Nature allows us to inspire great things from them. In 1989 Japan’s Bullet train runs at the speed of reaching 170 miles per hour. It creates a serious problem when it reaches the tunnel.
While reaching the tunnel the train pushes the atmospheric pressure waves which created a huge sound that could hear even 400 meters away.
This creates a huge problem in a residential area. An engineering team has been brought up to resolve this issue. Here comes a key engineer named Eiji Nakatsu the general manager of technical development. He was a curious bird watcher.
The modified bullet train was redesigned using specific characteristics and shapes of the different birds.
This was the element known as the rig that connects the train and the electric cable. It was inspired by the owl. The serration and curvature in the owl’s feathers allow them to swoop silently to catch its prey. This was typically mimicked by Nikatsu and implemented in the train’s pantograph curvature design.
Penguin has a smooth and seamless body that allows them to swim most efficiently. This inspired the pantograph’s supporting shaft. Due to this, the wind resistance will be lowered consecutively.
We all came up with the kingfisher’s method of catching prey and its unique peak. Engineers test various train nose-shaped bullets in different shapes down the pipe to measure the pressure waves and put them in water to measure splash size.
The bullet nose that was similar to the kingfisher’s nose provided quite interesting results.
With all these changes the bullet train was relaunched in 1997, Surprisingly the new one was 105 faster than the old train, consumed 15% less electricity than the old one, and importantly stayed under 70 dB in residential areas.
The method of designing the bullet train with the wings of the owl, the belly of the penguin, and the nose of the kingfisher is known as Biomimicry.
Janine Benyu, the founder of the Biomimicry Institute wrote the book named Biomimicry in 1997. This book describes the story of innovations in computing energy and health in which the structures are inspired by the natural world.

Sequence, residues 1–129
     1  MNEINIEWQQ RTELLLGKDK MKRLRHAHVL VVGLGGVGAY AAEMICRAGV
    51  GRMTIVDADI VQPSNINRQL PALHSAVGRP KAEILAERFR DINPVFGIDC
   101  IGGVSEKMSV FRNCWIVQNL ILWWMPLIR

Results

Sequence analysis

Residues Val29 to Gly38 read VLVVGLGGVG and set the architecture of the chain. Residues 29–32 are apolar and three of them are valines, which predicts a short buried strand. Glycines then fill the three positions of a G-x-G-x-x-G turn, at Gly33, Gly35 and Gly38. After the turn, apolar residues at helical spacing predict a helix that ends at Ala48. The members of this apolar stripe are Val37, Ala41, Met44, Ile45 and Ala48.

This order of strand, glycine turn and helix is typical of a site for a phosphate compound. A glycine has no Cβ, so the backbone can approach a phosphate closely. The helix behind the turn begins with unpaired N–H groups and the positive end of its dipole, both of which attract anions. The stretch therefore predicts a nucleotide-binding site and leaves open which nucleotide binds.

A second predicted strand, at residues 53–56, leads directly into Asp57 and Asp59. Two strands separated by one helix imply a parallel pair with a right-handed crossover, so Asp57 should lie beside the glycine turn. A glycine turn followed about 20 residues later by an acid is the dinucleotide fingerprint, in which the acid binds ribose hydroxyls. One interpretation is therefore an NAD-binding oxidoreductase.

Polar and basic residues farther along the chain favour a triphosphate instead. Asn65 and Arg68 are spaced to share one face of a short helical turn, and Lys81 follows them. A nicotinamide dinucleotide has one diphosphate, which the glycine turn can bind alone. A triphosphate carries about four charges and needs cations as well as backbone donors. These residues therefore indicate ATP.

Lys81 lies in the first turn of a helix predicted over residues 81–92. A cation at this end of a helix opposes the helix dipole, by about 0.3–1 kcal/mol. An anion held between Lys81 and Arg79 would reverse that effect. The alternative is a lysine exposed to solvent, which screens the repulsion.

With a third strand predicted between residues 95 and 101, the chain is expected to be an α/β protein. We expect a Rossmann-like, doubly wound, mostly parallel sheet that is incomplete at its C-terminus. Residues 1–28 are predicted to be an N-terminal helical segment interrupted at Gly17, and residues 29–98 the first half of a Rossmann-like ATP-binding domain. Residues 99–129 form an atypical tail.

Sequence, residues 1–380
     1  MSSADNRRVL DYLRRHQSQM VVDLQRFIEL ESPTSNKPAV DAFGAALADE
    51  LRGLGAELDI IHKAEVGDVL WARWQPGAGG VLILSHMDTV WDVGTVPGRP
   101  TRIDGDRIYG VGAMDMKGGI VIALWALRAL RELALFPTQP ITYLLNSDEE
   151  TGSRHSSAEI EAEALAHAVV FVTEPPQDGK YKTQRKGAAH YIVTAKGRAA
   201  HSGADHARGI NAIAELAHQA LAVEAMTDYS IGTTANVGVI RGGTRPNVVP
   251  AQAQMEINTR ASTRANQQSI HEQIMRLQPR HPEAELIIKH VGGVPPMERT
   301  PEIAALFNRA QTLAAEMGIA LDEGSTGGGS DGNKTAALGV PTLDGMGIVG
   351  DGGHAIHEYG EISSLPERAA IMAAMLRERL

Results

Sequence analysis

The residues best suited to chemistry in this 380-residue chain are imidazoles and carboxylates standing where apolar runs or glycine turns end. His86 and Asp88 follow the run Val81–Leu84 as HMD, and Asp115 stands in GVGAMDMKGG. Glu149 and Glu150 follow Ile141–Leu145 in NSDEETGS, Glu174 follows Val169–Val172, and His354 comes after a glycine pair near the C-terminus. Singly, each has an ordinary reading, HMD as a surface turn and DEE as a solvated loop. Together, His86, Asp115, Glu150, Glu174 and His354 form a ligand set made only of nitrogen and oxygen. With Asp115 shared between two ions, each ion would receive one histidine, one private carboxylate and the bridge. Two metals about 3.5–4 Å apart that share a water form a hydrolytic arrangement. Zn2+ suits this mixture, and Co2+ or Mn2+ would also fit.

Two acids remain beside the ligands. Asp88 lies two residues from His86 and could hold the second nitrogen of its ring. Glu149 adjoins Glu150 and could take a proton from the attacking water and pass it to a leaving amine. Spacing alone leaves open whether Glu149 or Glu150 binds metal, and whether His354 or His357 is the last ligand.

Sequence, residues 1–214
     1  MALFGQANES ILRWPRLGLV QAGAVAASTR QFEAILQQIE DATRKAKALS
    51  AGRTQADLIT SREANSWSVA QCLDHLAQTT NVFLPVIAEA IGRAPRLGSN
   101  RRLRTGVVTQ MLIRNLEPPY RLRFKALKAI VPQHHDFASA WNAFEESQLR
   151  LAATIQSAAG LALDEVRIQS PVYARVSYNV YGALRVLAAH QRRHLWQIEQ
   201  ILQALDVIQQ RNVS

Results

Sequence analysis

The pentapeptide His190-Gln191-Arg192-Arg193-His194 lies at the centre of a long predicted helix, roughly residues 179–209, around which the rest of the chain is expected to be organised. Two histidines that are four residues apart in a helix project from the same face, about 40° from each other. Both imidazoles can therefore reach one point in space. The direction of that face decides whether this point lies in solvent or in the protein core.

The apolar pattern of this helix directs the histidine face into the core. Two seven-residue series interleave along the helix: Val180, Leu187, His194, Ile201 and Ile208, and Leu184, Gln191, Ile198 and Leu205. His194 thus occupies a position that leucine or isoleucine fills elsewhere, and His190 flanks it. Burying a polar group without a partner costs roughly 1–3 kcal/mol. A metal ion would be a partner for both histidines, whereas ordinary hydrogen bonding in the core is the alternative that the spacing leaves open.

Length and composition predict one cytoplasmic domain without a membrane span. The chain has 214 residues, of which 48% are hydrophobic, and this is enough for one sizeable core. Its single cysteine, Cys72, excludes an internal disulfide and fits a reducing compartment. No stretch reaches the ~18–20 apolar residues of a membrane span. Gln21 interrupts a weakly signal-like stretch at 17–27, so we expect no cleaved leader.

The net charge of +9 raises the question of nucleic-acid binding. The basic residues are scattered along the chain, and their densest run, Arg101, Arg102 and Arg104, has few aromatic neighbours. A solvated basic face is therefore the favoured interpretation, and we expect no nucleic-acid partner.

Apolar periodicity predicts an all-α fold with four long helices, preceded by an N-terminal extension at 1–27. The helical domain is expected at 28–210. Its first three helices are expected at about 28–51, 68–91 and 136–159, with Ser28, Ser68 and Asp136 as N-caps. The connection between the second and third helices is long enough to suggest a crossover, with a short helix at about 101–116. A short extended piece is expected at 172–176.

Her words “ Stick like a Gecko, Compute like a Cell, Run a business like a Redwood Forest” will make sense. She worked as a consultant in several top leading companies and suggested how to mimic design ideas from nature.
- Like mimicking prairie dog burrows to build better air ventilation systems
- Mimicking shark skin patterns to design bacteria-resistant plastic surfaces used in hospitals.
- Then arranging wind turbines in the same pattern that fish swim in.
From her point of view, many would get benefit by looking at the world.
As per Benyu, there are three ways to mimic nature.
The first way is to mimic the shape of nature. Examples of mimicking the shape are
- We can create a paint that dries and form a structure we want to mimic nature when it dries. ie. we can make paint with the physical structure of lotus leaves. If you apply it to your car you can remove dirt as well as rainwater.
The second way is to mimic the process from nature. Examples of mimicking the process are
- The communication system of ants to find the source of food and a place to live. This same thing has been got mimicked in automated car systems.
The third way to mimic nature is through the ecosystem. Examples of mimicking ecosystems are
- In Industries we have gone through the byproduct lifecycle. When one product’s lifecycle ends it must be converted into another product. In the ecosystem, food chain management resembles this process.
1. Wind Turbines
The two-fin wind turbine is also one of the bio-mimicking products. It was inspired by humpback whales. This results in the improvisation of wind turbines.
2. Harare Buildings
Eastgate Buildings in Zimbabwe mimicks Termites. It was a naturally formed thing for ventilation. Here the fresh air will suck in and the warm air will suck out due to its design which will reduce the temperature reducing cost.
Mercedes try to mimic the box fish shape in their car design. But the car design when added with wheels it becomes difficult to steer. So Mercedes drops this design.
The most common thing we encounter in daily life is airplanes. It mimics the bird structure. As it replicates the bird’s structure it works as same as the bird.
Hydrophobia is a designed nanostructure that resists water molecules. It helps to protect the surface from sticking dirt particles. Hydrophobia was inspired by the lotus leaf. Lotus exhibits this hydrophobic property due to its nanostructure in its leaf.
Some other Biomimicry products are
- NASA’s Ribtes film from shark dense shark pattern.
- Birds Safe Glass from spider’s UV reflection stand from spider’s web
- Swimsuit is also one of the profitable and useful products designed from shark skin patterns.
- The velcro strap found in shoes was mimicked from Burr
- The water collector was inspired by the Beetle water protection system in the Beetle’s skin.
Finally, the people who try to design should learn from nature by looking deeply into it.
1. To know more about Bionic car click on the below video
2. To know about biomimicry architecture click on the below video
3. Hear Janine benyus speech to learn more about biomimicry nature.